Aggression in young adults--a matter of short sleep and social jetlag?

Research paper by Christoph C Randler, Christian C Vollmer

Indexed on: 04 Apr '14Published on: 04 Apr '14Published in: Psychological reports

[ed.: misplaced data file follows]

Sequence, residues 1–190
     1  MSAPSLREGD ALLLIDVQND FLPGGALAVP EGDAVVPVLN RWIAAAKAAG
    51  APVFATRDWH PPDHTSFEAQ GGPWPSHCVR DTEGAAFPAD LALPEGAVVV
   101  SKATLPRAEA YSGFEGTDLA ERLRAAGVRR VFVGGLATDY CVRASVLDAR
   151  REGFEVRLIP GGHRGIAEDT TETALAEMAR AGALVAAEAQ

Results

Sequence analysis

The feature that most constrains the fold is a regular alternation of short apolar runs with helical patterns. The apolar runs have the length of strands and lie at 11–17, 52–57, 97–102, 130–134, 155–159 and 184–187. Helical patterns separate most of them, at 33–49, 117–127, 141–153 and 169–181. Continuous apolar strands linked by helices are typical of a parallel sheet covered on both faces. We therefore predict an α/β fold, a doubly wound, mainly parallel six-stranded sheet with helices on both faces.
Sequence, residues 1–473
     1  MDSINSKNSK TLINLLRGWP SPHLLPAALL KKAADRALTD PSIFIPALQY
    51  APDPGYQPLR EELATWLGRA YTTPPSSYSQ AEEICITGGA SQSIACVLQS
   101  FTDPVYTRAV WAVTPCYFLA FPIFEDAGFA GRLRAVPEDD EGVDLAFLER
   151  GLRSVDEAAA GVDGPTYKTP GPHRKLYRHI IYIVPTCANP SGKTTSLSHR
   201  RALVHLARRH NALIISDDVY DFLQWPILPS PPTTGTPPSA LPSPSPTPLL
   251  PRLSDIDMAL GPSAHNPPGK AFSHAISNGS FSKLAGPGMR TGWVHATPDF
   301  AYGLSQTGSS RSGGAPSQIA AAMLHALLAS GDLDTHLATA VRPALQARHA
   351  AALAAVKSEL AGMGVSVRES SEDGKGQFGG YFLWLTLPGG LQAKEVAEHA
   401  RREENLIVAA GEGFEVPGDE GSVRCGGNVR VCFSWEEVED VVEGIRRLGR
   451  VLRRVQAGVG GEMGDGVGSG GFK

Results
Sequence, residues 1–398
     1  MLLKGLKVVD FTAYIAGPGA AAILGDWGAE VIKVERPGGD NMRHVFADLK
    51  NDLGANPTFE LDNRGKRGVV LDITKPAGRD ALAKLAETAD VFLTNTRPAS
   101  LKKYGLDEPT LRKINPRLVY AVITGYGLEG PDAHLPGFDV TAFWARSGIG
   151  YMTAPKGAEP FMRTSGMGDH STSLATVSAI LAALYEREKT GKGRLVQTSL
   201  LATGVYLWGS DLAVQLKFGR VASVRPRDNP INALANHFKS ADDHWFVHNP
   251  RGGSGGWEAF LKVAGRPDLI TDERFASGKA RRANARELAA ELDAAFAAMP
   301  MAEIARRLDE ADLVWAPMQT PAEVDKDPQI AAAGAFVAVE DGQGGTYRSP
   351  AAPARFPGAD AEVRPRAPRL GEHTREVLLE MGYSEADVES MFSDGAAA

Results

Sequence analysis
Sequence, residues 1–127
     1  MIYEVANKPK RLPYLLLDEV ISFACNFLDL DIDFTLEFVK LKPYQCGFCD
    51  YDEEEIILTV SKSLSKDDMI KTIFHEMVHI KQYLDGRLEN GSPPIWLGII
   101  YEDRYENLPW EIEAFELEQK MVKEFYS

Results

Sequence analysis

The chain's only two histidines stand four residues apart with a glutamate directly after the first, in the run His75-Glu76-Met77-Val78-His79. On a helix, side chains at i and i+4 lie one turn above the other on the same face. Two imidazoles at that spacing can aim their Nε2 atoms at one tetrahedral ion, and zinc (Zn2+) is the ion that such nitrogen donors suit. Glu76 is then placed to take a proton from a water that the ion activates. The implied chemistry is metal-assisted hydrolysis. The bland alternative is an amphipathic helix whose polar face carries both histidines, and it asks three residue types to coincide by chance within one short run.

Evening orientation and sleep duration have been linked with aggression and problematic behaviors, but no study has used an explicit aggression questionnaire. The present study used the Buss-Perry Aggression Questionnaire based on physical aggression, verbal aggression, anger, and hostility, as well as questionnaires on the timing of sleep and sleep duration to assess this relationship in young adult men. The Composite Scale of Morningness was used to assess circadian preference; sleep-wake variables (wake time and sleep onset time on weekdays and on weekend days) were used to calculate midpoint of sleep, social jetlag, and sleep duration. Results indicated that sleep duration correlated negatively with verbal aggression, physical aggression, and anger. Short sleepers were more aggressive. Using multivariate analysis of variance, shorter sleep duration was a significant predictor of verbal aggression and anger. Concerning physical aggression, social jetlag also contributed to the model. Morningness-eveningness was associated with the hostility scale with eveningness related to higher hostility. Men scored higher than women in physical and verbal aggression.